One of my favorite locations in Heber Valley is the river bottom area just as you come down the grade from Park City. There’s a fairly new development within easy walking distance to the Provo River. Here, where I recently photographed a new home and its guest house, the homeowner just steps out and commences flyfishing. Kent Construction of Park City (Jamie and Cheryl Catley) just finished building the home, which is designed by architect Costantino Grandjacquet, also of Park City. Almost Nordic in its simplicity, I appreciate the clean lines and understated furnishings. This makes me perhaps sound better traveled than I am, but as a dedicated viewer of Wallander, I do have some credentials.
The home is designed in a cruciform pattern. The garage occupies one wing with the main entrance adjacent. The wing to the right of the entrance is the master suite, and the one opposite is an office and guest rooms. The main living wing is seen in the opening shot with a long, covered patio on the side. In the foreground is the guest house with its own covered porch that is planned for such comfortable living, I am surprised that guests ever leave. I plan to feature it in a future blog.
The entrance demonstrates the clean simple lines that I find so appealing about this home. The furnishings are simple: a pair of candle sconces and a painted canvas with a clerestory window running above. The natural light wood floors continue uninterruptedly through the master wing. The dark front entry door makes a dramatic statement, but even the door maintains clean lines complemented by sleek hardware.
The main living wing has tall cathedral ceilings supported by natural wood beams. Windows take up most of the wall space providing views to the surrounding landscaped acreage, the cottonwoods of the river bottom, and the Wasatch Mountains and Mt. Timpanogos in the distance to the west. To the south are hills that are part of Wasatch State Park and crisscrossed with hiking and mountain biking trails.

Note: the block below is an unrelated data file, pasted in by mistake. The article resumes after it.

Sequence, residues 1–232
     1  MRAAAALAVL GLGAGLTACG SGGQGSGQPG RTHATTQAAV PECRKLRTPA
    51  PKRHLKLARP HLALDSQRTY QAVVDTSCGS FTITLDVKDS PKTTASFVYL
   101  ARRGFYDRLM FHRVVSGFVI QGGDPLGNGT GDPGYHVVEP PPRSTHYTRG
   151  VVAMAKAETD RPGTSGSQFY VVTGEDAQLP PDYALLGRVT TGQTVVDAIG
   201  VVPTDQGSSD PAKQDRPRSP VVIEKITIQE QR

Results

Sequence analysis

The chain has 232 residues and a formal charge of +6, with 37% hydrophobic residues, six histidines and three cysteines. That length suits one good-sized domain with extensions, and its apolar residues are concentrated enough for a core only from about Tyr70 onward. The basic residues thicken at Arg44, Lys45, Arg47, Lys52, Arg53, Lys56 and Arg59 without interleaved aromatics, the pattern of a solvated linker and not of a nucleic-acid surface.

First, one enters the kitchen with the dining table adjoining and the fireplace seating area defined by a spacious pale area carpet at the far end. The furnishings, such as the log legs of the dining table, suggest a Scandinavian influence. To the right is the long, covered outdoor living patio.
Looking at it in the opposite direction from the far end, you can see how the space unfolds and the dominance of the windows, where the views themselves become the artwork in the space.
The primary bedroom offers the same large windows. Vertical wood slats make up the built-in headboard, and the same tones of light wood continue throughout. The white duvet and the white upholstery on the corner chair and ottoman and fabric overhead light fixture again seem Nordic and very much appropriate with the simple lines of the home.
Spaciousness with simple lines again define the master bath.
Daytime seemed like the best time to show how the natural light fills this home. With the recent rains, the grounds were a happy green and the trees were just beginning to turn. To best show the fenestration and the emphasis on numerous large windows, I photographed the exterior again in the evening. It just glows, doesn’t it?
This is an especially beautiful autumn for photographs. It’s a wonderful time to be out with a camera being able to capture so many recently completed homes.
Photos by Scot Zimmerman